For more information go here.
MNR Site: 2DB17
Location: Sudbury District
Status: EA Underway
To register as a stakeholder: firstname.lastname@example.org
Aleta Karstad – 1 October finds me painting at the upstream rapids of Sturgeon Chute on the Wanapite River, 6.7 kilometres northwest of Hartley Bay. To get just the right angle on the rapids, screened by flaming leaves of an overhanging Red Maple, I’m standing on a narrow grassy ledge, the small of my back leaning against a cold wall of smooth granite, with the feet of my easel only a few centimetres from the edge. About two metres below, courses the fast deep water…. To read Aleta’s notes and purchase her paintings, click here to visit Aleta’s website.
For more information on Sturgeon Chute – click here.
RR 2, Site 10, Comp 4
Alban, Ontario P0M 1A0
February 5, 2013
Honourable Michael Gravelle
Minister of Natural Resources
Suite 6630, 6th Floor, Whitney Block
99 Wellesley Street West
Toronto, Ontario M7A 1W3
Fax to: 416 325-5316
Dear Minister Gravelle:
Re: Black Sturgeon River Dam decommissioning
I have recently read Technical Report No. 06-03 produced for the Upper Great Lakes Management Unit – Lake Superior. This is a very thorough report that states that the collapse of the Black Bay walleye fishery coincides with the dam construction1. It states that many costly mitigation attempts were made to improve the fishery in the area, with little or no improvement.
The final recommendation of this report is to remove the dam.
I find it interesting that the major concerns were regarding the collapse of the commercial fishery and the loss of the recreational fishery. The report claims that if the dam was removed “Black Bay walleye population that is sufficiently recovered to permit recreational angling on Black Bay would be worth several hundred thousand dollars per year to open-water anglers from Thunder Bay alone.”2 To me, this means that the main concern of the Ministry of Natural Resources is all about profits!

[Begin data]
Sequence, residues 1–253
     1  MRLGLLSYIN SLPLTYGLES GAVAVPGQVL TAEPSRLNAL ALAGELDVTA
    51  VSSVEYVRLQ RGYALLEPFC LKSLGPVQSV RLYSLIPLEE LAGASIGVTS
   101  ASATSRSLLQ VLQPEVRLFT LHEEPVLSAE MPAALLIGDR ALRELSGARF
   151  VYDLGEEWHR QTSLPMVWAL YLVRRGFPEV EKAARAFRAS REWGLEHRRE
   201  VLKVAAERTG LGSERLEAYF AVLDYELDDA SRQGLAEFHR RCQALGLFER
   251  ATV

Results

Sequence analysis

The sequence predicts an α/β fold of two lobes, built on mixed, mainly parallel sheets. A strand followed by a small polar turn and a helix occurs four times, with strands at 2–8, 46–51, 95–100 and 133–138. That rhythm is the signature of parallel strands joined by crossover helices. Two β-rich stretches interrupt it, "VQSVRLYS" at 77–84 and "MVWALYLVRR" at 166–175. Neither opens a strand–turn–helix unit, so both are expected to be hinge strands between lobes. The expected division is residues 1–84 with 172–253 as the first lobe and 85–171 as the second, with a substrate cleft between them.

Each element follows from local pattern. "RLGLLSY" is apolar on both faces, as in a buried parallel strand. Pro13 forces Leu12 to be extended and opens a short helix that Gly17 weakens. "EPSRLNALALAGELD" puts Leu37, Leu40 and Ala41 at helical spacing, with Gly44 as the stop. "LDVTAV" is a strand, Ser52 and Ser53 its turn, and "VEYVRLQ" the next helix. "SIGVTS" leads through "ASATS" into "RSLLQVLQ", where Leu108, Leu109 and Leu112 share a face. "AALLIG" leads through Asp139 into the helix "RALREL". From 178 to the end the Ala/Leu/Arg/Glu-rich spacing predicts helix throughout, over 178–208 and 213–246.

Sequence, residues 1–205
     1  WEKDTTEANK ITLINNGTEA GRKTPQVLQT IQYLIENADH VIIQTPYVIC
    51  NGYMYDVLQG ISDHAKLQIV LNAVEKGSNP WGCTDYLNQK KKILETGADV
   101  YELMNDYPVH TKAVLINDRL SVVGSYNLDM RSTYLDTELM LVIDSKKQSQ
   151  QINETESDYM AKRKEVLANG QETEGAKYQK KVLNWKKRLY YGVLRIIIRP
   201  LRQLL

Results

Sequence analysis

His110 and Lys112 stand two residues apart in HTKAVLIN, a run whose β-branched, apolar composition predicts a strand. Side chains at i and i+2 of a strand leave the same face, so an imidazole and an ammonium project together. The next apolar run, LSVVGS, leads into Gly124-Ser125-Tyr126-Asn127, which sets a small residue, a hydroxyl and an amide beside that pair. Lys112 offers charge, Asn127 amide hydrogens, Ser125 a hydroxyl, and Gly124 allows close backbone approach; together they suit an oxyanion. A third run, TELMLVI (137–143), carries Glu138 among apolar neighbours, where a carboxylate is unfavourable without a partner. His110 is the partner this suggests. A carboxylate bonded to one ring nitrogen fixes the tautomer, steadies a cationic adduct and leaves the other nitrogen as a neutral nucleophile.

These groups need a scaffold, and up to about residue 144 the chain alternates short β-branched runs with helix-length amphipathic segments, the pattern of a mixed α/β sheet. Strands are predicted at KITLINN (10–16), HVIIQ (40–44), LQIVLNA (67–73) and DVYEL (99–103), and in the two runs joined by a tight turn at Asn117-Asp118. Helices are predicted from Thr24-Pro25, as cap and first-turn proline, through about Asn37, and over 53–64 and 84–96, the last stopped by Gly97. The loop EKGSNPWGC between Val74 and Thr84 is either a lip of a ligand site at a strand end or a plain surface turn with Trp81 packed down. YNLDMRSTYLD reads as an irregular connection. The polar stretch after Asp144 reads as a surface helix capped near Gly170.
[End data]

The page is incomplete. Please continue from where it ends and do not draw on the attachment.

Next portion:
I struggle to understand this. Continue reading
Excerpt from letter – French River Delta Association to Ontario Power Authority:
We are writing to ask that you terminate Xeneca Power Development Inc. (“Xeneca”)’s Feed-In Tariff (FIT) contract for the proposed Allen & Struthers hydro electric generating project (the “Proposed Project”). In our view, you have the power to do so, and should do so because:
1. The Proposed Project will not provide the promised amount of power;
2. The Proposed Project would cause significant harm to the natural environment and a provincial park;
3. Xeneca is in violation of the terms of its FIT contract, including multiple failures to obtain necessary permits on time;
4. Xeneca is not likely to obtain the necessary permits, given:
a. the staunch opposition of the local community, the municipality, and the First Nations;
b. its failure to consult the key local Band;
c. the presence of an aboriginal burial ground; and
d. the impact on endangered species; and
5. Xeneca may be using improperly obtained funding for the project.